To really appreciate the mettle and ethical soundness of what America's service academies produce, one only need conjure up the likes of our own Jim Stockdale '47, Bill Lawrence '51, Ed Martin '54, John McCain '58, Paul Galanti '62, and Mike McGrath '62, among others. Their names evoke the depths of suffering at the hands of our enemies, and whose perseverance shall stand as exemplars throughout time.
Many of us can remember the grainy documentaries and news footage of the day, as well as print photography and articles, that depicted the POWs at various stages: when captured, during their incarceration, and at their release. Today, however, many people have absolutely no idea about that segment of American history. "Return with Honor" brings that part of the Vietnam war home, vividly transporting the viewer back in time, while listening to the riveting, first-person accounts of former POWs. Twenty Navy and Air Force pilots, "back seaters", six Navy wives, and one Air Force wife, gave their oral histories, which are seamlessly integrated with documentary file footage of the war.
"Return with Honor" is presented by actor Tom Hanks who has been deeply affected by the POWs extraordinary courage and sacrifice. He wanted all Americans to have a chance to see this story. The film was produced and directed by Freida Lee Mock and Terry Sanders, who won an Oscar for their film "Maya Lin: A Strong Clear Vision", a feature documentary about "The Wall" -- the Vietnam Veterans Memorial.
Credit for getting this story on film, however, must go to three U.S. Air Force Academy Class of 1965 alumni who approached Mock and Sanders. They had recorded oral histories of Air Force Academy alumni who had been POWs. They then approached the USAFA Association of Graduates, which obtained a grant from the Boeing-McDonnell Foundation and underwriting support from MBNA. Their 39 bound volumes became the basis for developing "Return with Honor". USNA graduates had attempted similar efforts, but have been as yet, unsuccessful in getting projects underway.
The film is done in traditional oral history documentary style, focusing on interviews with POWs and their wives. Through superb integration of POW cameos and file footage from (then North) Vietnamese films from the U.S. archives, a powerful and unforgettable story unfolds. It starts with Everett Alvarez and ends 462 returned POWs later, with their arrivals at Clark AFB in the Philippines.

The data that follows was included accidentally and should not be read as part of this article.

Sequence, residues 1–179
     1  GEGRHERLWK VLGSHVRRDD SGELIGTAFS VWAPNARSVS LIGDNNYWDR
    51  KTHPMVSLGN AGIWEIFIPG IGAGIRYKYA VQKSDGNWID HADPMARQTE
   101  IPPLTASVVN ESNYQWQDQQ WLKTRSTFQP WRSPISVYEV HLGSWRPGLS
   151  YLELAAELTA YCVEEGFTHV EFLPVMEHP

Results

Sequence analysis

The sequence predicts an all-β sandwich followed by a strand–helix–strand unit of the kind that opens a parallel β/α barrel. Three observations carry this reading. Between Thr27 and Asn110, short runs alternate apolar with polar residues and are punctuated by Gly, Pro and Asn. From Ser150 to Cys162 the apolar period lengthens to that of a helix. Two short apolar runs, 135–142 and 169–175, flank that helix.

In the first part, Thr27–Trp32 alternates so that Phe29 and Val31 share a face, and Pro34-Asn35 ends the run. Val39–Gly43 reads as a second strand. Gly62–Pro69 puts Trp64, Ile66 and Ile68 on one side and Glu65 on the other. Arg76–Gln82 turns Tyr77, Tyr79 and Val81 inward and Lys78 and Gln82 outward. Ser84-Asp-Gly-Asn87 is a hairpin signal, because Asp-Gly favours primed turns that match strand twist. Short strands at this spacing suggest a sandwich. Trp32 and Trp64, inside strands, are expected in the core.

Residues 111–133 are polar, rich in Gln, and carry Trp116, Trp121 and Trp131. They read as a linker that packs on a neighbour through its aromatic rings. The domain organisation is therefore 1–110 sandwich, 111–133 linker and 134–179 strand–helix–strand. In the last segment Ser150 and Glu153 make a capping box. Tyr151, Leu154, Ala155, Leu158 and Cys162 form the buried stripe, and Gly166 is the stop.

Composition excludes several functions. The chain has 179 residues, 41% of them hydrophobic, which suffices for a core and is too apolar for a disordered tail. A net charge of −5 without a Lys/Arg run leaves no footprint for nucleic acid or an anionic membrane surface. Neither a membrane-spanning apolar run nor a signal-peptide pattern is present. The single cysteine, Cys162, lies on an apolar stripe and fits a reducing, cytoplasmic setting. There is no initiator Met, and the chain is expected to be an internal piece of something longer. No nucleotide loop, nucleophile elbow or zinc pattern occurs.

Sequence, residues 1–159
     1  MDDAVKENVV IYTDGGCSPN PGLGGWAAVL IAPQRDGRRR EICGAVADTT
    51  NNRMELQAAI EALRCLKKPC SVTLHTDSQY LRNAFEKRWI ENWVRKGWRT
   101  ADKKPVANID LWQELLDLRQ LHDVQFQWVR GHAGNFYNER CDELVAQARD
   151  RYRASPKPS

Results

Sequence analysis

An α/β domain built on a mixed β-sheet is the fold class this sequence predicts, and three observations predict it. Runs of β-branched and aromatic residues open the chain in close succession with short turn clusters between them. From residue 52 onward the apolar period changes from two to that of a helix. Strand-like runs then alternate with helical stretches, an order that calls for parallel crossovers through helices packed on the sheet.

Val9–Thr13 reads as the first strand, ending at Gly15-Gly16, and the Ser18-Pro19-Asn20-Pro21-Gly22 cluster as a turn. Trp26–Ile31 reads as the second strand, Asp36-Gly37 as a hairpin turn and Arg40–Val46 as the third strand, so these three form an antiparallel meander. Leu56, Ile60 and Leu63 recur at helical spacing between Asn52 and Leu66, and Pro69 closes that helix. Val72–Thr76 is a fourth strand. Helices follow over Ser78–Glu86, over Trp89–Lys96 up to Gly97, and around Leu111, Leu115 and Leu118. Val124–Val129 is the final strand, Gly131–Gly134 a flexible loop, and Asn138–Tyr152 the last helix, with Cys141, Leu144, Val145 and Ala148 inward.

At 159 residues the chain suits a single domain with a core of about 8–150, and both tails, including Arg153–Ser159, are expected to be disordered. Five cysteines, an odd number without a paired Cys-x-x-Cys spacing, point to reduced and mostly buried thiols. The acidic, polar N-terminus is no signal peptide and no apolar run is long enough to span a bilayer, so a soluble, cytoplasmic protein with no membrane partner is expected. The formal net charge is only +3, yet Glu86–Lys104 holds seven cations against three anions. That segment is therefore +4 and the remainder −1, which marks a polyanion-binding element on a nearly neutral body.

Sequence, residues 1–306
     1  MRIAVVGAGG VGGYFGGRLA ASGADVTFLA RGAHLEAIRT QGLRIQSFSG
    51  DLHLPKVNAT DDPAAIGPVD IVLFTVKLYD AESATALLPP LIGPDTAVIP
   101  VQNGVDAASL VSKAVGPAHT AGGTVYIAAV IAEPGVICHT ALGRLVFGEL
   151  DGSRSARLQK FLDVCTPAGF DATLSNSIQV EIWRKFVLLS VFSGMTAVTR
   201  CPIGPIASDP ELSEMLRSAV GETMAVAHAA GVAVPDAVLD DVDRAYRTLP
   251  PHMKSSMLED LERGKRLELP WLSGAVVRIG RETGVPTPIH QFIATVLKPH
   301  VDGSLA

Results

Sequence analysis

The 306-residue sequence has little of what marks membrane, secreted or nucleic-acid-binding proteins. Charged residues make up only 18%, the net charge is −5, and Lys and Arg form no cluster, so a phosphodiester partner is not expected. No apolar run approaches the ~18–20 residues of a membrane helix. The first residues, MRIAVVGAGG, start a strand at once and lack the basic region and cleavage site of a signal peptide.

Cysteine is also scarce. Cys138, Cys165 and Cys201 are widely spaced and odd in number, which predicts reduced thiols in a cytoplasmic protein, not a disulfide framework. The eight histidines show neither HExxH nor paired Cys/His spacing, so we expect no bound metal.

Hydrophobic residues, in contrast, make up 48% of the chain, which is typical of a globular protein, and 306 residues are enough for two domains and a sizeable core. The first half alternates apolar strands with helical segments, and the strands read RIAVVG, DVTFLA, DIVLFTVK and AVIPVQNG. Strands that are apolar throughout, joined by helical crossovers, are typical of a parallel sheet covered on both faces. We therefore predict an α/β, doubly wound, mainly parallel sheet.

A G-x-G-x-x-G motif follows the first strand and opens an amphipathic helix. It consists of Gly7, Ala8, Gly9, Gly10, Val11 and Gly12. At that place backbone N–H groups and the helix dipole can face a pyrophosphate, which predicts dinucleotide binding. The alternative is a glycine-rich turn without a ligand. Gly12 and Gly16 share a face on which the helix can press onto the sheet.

The production is marked by outstanding cinematography. It literally jerks the heartstrings and no one goes away unaffected. For Navy viewers, the only minor gripe might be that by opening and closing with Air Force Academy cadets, and its natural AOG flavor, some younger viewers may perceive all the POWs were Air Force personnel. This happened with one or two people at the screening I attended.
"Return With Honor" also includes historical details about America's role in Vietnam. In one interview, it was said that many aviators around Yankee Station did not find the Tonkin Gulf PT boat attacks convincing enough for President Johnson to have sought the Tonkin Gulf Resolution, a controversy that remains to this day. More importantly, the film explains how POWs continued to fight by other means, frustrating the North Vietnamese and their attempts to use them in the DRVN propaganda effort. Every POW had a breaking point that their captors were able to reach. But the issue is not that the POWs were "broken", but that they attempted to foil the North Vietnamese use of their ill begotten information. In written statements, in letters allegedly sent home, and appearances before the media, the great majority of POWs used keywords and gestures for disinformation, as well as for signaling to those in the know back home.